Action-Oriented IT Risk Management

Action-Oriented IT Risk Management


Last week at Chicago’s Camp IT, I presented on IT risk management and concluded with focusing on the intersection of risk and action. This is a CIO Centric Approach that reprioritizes risks based on an organization’s constraints and IT capabilities. My Chicago talk led to several good discussions, and this article quickly summarizes the method and how you can apply it to your risk management program.

First, let’s briefly recap risk rating by impact and likelihood. This qualitative IT risk management approach enumerates concerns and then assigns a 1-5 score for impact to the organization and the likelihood of the threat being realized. The practicality of such an exercise depends in large part on how the values are derived, with more mature programs using a weighted approach that includes the organization’s mission, objectives, and mandates. Once completed, a risk rating table is generated that compares to the one below.


The advantage, for a security owner, is in immediately seeing which concerns, once mitigated, would produce the largest reduction in the organization’s overall risk. We can then produce the annual audit phonebook with a long laundry list of recommendations.

The disadvantage, for the IT owner, is in not factoring in effort. For example, suppose one risk rated 15 takes 12 months to resolve and another takes 3 months. Yet both are listed side-by-side and prioritized equally by the security owner. The trouble stems from the risk rating exercise not bubbling up quick wins and prioritized actions.

Let’s revisit the risks by looking at constraints and capabilities. First, we brainstorm a list of two or three constraints that would slow the risk treatment process. The list will vary from time to time, and from organization to organization. For the purpose of this article, let’s go with:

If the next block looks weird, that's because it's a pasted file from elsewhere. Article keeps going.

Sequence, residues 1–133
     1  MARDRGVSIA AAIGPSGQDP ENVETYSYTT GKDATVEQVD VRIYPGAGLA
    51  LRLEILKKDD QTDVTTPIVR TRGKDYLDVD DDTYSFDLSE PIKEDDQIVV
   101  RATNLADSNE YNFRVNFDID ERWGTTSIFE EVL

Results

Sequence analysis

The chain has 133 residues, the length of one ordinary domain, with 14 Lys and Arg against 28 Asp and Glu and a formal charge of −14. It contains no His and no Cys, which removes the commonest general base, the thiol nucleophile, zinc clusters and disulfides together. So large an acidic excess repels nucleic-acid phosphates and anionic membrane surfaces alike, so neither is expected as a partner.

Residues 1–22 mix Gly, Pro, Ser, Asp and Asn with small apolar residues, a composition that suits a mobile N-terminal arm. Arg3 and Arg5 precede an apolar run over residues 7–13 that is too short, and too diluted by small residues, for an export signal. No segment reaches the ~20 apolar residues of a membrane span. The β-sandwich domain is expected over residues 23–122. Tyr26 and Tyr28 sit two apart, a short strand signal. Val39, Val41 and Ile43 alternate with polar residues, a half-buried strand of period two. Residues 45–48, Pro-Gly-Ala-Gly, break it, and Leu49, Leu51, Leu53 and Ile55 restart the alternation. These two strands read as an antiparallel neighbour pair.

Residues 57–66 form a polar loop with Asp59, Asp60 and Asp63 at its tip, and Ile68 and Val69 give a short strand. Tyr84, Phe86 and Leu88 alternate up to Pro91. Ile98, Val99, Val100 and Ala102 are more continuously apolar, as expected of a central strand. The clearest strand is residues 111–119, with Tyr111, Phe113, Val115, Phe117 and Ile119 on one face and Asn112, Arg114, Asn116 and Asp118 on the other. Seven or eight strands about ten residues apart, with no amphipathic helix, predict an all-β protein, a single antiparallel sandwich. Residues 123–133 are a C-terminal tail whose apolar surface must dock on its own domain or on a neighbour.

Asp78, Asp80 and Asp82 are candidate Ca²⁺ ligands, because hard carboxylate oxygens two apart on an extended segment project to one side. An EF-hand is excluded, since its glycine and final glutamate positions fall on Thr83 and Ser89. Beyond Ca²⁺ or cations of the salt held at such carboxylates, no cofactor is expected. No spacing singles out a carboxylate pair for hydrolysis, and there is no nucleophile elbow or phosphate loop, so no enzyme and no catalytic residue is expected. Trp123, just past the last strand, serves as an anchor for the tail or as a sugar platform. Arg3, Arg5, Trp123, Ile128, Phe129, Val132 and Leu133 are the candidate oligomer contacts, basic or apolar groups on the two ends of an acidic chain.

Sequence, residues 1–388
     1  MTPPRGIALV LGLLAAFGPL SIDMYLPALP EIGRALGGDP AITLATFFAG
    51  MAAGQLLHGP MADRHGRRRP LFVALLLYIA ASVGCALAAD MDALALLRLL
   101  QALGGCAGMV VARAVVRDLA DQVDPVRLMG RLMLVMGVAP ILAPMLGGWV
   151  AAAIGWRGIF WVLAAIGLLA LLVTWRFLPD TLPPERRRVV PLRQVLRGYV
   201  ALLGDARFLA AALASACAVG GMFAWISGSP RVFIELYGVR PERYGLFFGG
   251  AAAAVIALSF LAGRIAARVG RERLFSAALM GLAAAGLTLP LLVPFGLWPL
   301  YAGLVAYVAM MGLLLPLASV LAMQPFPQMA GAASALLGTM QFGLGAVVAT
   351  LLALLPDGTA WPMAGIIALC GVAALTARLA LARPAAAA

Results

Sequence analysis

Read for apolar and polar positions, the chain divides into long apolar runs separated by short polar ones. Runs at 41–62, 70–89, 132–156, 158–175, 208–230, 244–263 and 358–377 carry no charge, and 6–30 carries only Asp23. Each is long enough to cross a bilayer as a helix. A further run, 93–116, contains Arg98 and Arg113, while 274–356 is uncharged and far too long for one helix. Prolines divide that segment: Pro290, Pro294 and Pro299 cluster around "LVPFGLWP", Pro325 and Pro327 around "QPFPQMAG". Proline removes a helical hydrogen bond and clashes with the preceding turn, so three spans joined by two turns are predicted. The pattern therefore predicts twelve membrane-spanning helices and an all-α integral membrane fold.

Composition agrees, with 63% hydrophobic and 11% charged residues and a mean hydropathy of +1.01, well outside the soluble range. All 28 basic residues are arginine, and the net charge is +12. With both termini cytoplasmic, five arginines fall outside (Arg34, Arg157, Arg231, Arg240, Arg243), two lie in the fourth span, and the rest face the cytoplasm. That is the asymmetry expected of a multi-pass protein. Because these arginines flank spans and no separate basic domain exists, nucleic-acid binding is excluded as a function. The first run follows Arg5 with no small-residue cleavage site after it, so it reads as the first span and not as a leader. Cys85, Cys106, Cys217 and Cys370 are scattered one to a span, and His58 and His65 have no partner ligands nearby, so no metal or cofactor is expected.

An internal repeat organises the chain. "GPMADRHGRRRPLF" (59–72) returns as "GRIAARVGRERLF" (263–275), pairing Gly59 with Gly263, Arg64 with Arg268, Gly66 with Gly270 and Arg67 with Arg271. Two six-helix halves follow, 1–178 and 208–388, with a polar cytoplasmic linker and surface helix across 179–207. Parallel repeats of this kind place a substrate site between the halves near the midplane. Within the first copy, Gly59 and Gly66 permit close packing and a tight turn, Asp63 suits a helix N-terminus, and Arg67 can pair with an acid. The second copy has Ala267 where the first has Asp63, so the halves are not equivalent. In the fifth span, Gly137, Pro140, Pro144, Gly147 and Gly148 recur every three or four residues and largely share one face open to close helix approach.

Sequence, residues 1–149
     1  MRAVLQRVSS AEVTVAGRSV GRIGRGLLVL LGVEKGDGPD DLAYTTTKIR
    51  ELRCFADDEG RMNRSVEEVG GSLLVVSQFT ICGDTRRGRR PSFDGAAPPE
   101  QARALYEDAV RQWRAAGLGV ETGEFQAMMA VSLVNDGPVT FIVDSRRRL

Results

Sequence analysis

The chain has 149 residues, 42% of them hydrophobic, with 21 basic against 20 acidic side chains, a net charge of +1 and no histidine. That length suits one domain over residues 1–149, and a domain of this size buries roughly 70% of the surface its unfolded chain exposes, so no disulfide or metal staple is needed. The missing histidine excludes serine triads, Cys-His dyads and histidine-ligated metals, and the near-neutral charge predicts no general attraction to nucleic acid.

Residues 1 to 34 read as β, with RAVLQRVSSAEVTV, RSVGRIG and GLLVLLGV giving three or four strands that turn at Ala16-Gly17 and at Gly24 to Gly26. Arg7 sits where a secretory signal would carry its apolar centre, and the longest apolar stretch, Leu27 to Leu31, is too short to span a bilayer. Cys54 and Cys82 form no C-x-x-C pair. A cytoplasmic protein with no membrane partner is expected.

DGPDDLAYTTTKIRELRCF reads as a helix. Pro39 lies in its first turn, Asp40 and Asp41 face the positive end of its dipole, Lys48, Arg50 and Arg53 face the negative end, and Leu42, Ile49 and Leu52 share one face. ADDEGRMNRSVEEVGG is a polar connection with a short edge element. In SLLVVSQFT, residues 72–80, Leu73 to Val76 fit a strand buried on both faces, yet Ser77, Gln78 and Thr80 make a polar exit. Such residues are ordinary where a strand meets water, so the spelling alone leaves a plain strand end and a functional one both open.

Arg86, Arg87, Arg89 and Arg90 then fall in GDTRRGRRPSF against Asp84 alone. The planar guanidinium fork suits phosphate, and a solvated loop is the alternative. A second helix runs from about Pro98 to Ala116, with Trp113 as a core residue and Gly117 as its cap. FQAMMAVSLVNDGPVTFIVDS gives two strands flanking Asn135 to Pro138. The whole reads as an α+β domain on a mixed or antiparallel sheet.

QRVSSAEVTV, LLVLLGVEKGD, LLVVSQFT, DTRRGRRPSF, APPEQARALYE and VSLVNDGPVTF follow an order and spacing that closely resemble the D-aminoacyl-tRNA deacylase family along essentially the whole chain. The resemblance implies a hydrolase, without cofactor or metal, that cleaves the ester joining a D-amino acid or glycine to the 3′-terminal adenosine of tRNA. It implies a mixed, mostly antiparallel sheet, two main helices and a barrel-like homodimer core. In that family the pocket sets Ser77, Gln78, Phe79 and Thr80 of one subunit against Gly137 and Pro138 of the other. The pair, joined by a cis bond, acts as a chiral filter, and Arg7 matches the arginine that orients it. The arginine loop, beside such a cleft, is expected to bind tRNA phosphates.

• Culture – the current team and organizational culture accepts the change
  • Budget – the budget is available to implement the change

Next, let’s list the capabilities. Again, this list will vary. A good starting point is:

  • Available staff – the people implementing the change are available and skilled
  • Available tech – the technology needed to address the risk is available
  • Compliance – the compliance team is engaged in assisting with the change

With this list, we can now weight the impact of each constraint and capability to execute. The weighting is typically developed in a roundtable discussion with the stakeholders. For example, we may decide:

  • Culture = 20%
  • Budget = 10%
  • Available Staff = 35%
  • Available Tech = 25%
  • Compliance = 10%

With the factors and weights decided, we can talk through each risk treatment. Ranking each one at 1 (difficult), 3 (moderate), or 5 (achievable). The risk treatment score then becomes the weighted average and reflects how actionable the control is. For example:

DSS05.07) Monitor infrastructure for security events

  • Culture = 20% = 3
  • Budget = 10% = 5
  • Available Staff = 35% = 3
  • Available Tech = 25% = 5
  • Compliance = 10% = 3

3.7 = (20%*3) + (10%*5) + (35%*3) + (25%*5) + (10%*3)

Having reviewed the mitigations, we can plot the risk treatment options along one axis of a chart. We can plot the previously defined risk ratings along the other axis (impact * likelihood / 5). The completed table, shown below, aligns the risks that CISO is concerned about with the areas the CIO has capabilities to address.


Action-oriented IT risk management is a straightforward extension to an assessment that can greatly improve the resulting mitigations. By being CIO Centric and prioritizing based on an organization’s constraints and IT capabilities, we accelerate time-to-value and risk reduction. It’s one more simple way to bridge the gap between audits and results.

Cross posted at CBI:

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